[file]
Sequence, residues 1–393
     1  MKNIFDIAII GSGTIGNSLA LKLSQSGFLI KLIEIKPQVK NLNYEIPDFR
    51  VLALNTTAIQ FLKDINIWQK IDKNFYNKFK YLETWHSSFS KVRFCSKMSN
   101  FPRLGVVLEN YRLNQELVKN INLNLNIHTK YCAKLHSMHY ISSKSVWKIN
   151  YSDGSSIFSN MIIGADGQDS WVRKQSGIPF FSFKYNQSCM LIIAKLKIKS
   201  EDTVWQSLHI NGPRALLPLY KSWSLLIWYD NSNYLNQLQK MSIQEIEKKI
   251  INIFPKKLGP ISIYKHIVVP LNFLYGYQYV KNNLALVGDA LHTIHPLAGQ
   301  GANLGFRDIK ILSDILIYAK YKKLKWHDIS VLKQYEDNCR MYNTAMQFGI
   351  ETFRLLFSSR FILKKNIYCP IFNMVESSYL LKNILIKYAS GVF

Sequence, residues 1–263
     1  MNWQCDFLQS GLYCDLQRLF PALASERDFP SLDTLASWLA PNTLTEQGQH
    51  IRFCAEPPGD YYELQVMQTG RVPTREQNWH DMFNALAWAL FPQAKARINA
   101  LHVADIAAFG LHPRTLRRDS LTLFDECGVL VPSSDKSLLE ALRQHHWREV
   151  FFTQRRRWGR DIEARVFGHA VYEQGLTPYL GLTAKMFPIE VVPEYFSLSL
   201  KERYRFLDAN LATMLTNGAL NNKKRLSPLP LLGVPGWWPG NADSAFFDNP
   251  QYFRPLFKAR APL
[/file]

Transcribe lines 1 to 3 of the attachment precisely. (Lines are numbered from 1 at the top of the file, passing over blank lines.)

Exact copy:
Sequence, residues 1–393
     1  MKNIFDIAII GSGTIGNSLA LKLSQSGFLI KLIEIKPQVK NLNYEIPDFR
    51  VLALNTTAIQ FLKDINIWQK IDKNFYNKFK YLETWHSSFS KVRFCSKMSN